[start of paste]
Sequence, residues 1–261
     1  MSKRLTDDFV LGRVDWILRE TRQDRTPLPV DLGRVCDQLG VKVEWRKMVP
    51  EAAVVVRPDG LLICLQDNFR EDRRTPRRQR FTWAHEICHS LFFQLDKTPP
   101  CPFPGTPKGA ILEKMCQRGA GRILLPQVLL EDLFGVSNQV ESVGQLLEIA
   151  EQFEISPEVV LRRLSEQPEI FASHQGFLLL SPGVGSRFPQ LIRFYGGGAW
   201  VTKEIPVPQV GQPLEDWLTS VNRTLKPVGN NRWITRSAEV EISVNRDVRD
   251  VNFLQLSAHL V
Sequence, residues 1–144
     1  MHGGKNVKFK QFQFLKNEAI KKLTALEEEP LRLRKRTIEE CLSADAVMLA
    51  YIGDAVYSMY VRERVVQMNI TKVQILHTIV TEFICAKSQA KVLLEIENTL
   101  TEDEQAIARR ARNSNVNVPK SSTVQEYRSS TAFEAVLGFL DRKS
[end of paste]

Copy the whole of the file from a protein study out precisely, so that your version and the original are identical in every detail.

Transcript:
Sequence, residues 1–261
     1  MSKRLTDDFV LGRVDWILRE TRQDRTPLPV DLGRVCDQLG VKVEWRKMVP
    51  EAAVVVRPDG LLICLQDNFR EDRRTPRRQR FTWAHEICHS LFFQLDKTPP
   101  CPFPGTPKGA ILEKMCQRGA GRILLPQVLL EDLFGVSNQV ESVGQLLEIA
   151  EQFEISPEVV LRRLSEQPEI FASHQGFLLL SPGVGSRFPQ LIRFYGGGAW
   201  VTKEIPVPQV GQPLEDWLTS VNRTLKPVGN NRWITRSAEV EISVNRDVRD
   251  VNFLQLSAHL V
Sequence, residues 1–144
     1  MHGGKNVKFK QFQFLKNEAI KKLTALEEEP LRLRKRTIEE CLSADAVMLA
    51  YIGDAVYSMY VRERVVQMNI TKVQILHTIV TEFICAKSQA KVLLEIENTL
   101  TEDEQAIARR ARNSNVNVPK SSTVQEYRSS TAFEAVLGFL DRKS